Six LDS Writers and A Frog

Friday, November 07, 2008

Why I'm Not Afraid of Coyotes

by Kerry Blair

I was asked recently to speak on personal and family preparedness. “Good deal!” I thought. After all, I’ve been prepared for the worst practically my whole life.

“And what is the worst?” you ask.

Coyotes!

When I was a little girl, growing up in the sparsely-populated Verde Valley, our closest neighbors were a pack of coyotes. They passed our house nightly on their way from their bedrooms on the bluff to their dining room down by the river. I sometimes saw them. I always heard them. I became absolutely convinced that one night they would jump in my window and eat me up. Don’t laugh. It was a legitimate concern. After all, I was young . . . plump . . . succulent . . . doomed!

Almost half a century later, I still remember how terrified I was of those coyotes, and how many hours of sleep I lost worrying over each night being my last. Perhaps that is why I remember my salvation so very clearly.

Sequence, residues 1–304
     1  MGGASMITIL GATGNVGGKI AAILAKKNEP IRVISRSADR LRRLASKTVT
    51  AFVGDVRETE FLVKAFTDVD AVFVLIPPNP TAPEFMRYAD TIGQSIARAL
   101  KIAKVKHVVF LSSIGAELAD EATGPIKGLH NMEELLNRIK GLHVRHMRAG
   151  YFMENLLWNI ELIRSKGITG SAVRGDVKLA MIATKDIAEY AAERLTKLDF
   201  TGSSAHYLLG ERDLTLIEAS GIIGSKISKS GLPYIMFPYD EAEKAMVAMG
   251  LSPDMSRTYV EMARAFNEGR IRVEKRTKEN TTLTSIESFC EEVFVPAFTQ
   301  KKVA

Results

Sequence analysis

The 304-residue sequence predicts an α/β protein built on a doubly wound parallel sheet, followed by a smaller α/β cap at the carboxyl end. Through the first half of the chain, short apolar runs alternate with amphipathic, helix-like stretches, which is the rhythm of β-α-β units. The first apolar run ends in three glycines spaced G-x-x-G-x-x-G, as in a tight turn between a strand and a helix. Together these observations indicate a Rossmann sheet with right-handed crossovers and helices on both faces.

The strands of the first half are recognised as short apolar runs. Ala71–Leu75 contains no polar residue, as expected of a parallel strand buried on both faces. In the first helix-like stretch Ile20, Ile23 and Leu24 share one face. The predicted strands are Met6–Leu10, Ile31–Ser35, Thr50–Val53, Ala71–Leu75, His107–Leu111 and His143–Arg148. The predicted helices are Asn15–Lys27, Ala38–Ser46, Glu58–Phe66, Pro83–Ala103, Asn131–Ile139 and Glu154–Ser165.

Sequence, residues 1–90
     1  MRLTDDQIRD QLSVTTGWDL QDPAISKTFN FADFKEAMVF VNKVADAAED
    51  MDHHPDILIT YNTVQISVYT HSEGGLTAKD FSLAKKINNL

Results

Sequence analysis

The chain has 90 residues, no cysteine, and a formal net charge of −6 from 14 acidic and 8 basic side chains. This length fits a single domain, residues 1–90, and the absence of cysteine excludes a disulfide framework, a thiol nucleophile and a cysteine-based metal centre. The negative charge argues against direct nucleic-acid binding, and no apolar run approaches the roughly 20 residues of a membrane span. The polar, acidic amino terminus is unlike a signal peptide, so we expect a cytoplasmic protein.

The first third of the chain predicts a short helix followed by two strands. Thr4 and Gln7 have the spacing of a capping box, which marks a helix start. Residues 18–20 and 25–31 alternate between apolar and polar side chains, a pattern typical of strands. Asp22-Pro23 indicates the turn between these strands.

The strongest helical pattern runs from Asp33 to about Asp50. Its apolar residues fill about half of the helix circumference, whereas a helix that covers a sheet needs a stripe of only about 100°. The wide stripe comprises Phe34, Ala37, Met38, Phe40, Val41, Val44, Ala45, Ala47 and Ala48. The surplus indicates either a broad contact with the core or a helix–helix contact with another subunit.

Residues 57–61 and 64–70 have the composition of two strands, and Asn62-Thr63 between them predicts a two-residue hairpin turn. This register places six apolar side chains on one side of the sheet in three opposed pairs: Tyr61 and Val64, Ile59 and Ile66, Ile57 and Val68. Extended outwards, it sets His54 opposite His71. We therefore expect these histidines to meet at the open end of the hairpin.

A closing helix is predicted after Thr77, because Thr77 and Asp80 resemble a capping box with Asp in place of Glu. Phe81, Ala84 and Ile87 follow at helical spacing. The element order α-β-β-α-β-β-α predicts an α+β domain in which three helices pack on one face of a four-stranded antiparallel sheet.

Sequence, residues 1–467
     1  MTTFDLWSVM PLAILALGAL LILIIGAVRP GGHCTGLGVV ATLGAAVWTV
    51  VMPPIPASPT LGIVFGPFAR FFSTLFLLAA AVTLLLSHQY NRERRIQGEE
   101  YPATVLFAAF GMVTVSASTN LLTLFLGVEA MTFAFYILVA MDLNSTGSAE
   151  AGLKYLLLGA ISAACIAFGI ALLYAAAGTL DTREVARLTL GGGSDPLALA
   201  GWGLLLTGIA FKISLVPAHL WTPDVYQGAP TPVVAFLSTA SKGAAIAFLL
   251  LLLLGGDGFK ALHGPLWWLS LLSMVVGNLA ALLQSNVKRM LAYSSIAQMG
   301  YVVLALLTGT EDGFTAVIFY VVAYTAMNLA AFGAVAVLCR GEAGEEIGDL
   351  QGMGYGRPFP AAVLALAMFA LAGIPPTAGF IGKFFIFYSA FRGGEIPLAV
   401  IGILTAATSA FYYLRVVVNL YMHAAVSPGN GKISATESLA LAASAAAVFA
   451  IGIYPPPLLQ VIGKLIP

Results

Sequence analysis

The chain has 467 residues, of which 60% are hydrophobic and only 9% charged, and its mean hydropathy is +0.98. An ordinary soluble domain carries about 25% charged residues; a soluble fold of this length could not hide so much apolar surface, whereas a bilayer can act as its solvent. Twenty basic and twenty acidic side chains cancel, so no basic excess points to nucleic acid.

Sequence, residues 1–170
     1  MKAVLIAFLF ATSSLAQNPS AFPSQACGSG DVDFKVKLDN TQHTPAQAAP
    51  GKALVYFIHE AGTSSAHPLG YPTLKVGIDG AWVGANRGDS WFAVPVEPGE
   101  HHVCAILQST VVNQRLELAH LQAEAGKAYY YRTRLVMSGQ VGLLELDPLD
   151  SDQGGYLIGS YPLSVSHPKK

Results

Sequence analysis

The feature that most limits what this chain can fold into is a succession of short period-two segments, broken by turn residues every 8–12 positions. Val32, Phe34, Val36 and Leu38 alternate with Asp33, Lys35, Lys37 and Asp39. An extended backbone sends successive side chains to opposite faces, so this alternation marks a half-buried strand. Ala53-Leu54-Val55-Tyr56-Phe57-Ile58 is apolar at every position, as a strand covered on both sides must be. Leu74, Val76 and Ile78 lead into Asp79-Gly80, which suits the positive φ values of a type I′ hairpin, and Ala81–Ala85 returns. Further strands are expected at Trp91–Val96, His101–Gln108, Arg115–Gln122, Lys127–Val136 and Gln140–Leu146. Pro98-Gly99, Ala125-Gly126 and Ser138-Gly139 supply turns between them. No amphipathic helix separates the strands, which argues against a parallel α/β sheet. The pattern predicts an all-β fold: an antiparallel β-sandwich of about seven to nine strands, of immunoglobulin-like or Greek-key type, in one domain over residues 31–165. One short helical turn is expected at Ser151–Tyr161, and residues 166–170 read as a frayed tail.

One night my grandfather came to visit. He sat on the side of my bed and said, “I hear you’re afraid of coyotes.”

“Yes!” I cried. “They’re going to jump in my window and eat me up!”

My grandfather nodded his understanding then got up and closed the window. (You’d think my college-educated parents might have thought of that.) Still, the glass was very thin, so I was only partly reassured. (Arizona coyotes are nothing if not tough, wiry, and determined.)

Seeing that I was still alarmed, Grandpa looked around my room until he found my shiny pink twirling baton. He put it in my hands and said, “Here, you can fight off a coyote with this.”